Solving the state’s budget dilemma will require some tough choices and potentially painful cuts. But we would be short-sighted if we continued to look at funding our state university system as a cost center instead of the powerful investment and economic engine that it is.
Per-student funding for Arizona’s university system was already cut in half during the Great Recession, which led to tuition at ASU, NAU and the U of A doubling between 2007-2012. The Governor’s proposed state budget makes further funding cuts of about $77.5 million, or 10 percent, for next year, and some fear the cuts could be even deeper as the budget gets negotiated with the House and Senate.
Why is funding for our state’s university system so important? Isn’t $700 million still a huge number to spend on higher education?
In a vacuum, yes, it is. However, the return on our investment becomes very clear when we study the data. For example, college graduates get better jobs with higher wages and better benefits, pay more in taxes and spend more on the goods and services your company and others like it are selling. States like Texas understand this, and have made significant investments in higher education. This, in turn, provides for a massive advantage over states like Arizona when it comes to recruiting new companies or encouraging existing companies to expand.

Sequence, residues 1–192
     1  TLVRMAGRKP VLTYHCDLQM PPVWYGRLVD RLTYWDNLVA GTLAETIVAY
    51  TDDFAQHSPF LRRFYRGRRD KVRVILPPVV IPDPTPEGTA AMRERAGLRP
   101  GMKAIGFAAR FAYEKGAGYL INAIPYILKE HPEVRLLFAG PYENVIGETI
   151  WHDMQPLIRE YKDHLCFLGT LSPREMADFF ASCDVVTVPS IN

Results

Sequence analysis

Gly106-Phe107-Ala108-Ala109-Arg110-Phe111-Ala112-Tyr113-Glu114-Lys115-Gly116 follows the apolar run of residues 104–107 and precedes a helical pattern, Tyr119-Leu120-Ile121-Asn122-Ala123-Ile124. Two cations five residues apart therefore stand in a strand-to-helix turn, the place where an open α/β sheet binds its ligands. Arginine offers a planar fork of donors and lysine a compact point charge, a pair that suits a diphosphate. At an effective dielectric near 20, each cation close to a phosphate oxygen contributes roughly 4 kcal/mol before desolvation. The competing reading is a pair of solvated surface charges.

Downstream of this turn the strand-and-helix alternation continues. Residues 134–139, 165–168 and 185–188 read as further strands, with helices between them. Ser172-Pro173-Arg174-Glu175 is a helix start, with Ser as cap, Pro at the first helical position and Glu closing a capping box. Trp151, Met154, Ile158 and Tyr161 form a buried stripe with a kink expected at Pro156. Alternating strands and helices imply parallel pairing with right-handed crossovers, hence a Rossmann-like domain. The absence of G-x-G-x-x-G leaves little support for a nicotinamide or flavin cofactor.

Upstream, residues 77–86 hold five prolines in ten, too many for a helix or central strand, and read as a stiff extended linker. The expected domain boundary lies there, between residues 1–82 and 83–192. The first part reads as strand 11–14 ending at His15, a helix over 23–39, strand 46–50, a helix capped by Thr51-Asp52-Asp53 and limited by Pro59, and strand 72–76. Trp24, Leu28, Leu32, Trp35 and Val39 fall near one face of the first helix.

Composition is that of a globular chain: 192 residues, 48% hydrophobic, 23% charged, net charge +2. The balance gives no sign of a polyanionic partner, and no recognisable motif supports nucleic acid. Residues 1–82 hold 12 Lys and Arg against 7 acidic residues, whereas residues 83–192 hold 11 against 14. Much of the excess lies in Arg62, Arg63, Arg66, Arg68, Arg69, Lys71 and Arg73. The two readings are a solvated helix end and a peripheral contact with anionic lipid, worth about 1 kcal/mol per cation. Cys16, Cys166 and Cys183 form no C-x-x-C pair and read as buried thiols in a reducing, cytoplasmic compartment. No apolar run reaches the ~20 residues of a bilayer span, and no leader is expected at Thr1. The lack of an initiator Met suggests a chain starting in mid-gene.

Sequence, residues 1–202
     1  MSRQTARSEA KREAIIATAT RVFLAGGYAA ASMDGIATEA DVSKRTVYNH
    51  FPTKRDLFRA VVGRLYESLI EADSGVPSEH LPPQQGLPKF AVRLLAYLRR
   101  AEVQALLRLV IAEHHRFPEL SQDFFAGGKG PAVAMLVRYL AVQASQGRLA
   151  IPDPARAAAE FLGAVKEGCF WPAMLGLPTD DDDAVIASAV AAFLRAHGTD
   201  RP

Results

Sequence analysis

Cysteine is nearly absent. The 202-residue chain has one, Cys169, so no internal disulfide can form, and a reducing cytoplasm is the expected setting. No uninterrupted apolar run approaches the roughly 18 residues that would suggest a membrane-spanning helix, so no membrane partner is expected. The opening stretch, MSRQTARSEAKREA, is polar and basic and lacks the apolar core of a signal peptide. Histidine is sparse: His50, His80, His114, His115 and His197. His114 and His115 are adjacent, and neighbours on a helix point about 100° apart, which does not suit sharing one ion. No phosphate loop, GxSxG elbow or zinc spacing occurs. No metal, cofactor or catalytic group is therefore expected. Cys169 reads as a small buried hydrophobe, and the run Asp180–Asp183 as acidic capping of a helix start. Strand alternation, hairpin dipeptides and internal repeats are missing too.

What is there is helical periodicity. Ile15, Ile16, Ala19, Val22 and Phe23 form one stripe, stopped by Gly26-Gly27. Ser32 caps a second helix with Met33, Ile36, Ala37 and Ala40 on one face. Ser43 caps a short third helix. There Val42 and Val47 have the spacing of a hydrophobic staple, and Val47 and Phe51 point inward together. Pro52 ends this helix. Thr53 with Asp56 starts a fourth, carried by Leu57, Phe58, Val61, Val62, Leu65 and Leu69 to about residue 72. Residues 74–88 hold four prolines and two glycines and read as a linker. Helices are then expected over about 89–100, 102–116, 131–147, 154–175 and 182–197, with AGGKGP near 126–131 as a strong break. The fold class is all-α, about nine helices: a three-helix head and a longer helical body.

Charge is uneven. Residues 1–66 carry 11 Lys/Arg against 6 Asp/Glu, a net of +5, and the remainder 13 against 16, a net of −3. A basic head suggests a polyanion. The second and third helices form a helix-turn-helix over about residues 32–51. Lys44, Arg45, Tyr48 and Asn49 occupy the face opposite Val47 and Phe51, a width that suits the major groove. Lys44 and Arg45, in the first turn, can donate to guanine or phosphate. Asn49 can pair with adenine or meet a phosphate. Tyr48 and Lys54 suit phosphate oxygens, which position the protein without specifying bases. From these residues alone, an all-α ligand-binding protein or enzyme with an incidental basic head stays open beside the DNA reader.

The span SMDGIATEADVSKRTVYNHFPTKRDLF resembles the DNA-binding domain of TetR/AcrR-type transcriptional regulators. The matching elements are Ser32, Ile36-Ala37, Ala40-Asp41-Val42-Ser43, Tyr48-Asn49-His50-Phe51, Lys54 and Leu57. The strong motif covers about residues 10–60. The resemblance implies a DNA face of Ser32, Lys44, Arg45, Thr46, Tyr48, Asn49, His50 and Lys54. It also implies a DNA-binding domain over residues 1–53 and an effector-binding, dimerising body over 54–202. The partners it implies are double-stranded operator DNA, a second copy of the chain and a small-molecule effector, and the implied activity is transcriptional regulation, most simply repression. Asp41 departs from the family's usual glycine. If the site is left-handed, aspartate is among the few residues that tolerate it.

The US Census Bureau says the median earnings in 2012 of an individual in Arizona with a graduate degree were $60,562, while those of someone with a bachelor’s degree were $46,668. Individuals with some college, but no degree, had median earnings of $32,278 and those with just a high school diploma had median earnings of $25,923. In 2012, Arizona public university graduates earned nearly $13.2 billion in wages and paid $947 million – nearly a billion dollars – in state and local taxes.
College graduates contribute more to our economy. We should be fostering that, not making it more difficult for Arizonans to achieve their degrees.
A high-quality university system that is a key component of a growing economy and contributes to the overall quality of life in our state should be a priority. Even during the recession, undergraduate enrollment increased by 17 percent, and by 2020, more than 140,000 undergraduates will be enrolled in our state universities. In the next decade, they’re going to be looking for you to hire them or they’ll be your customers.
The Board of Regents believes – as we do – that our universities should be affordable and accessible, and that we must find a sustainable funding model going forward that doesn’t depend on the vagaries of the state budget. We must look farther forward than the next fiscal year and recognize funding for higher education is an investment, not merely an expense.
Potentially painful decisions must be made, but it’s critical that we don’t just cut funding until it hurts just to remedy a temporary budget crisis. Our economy depends on it.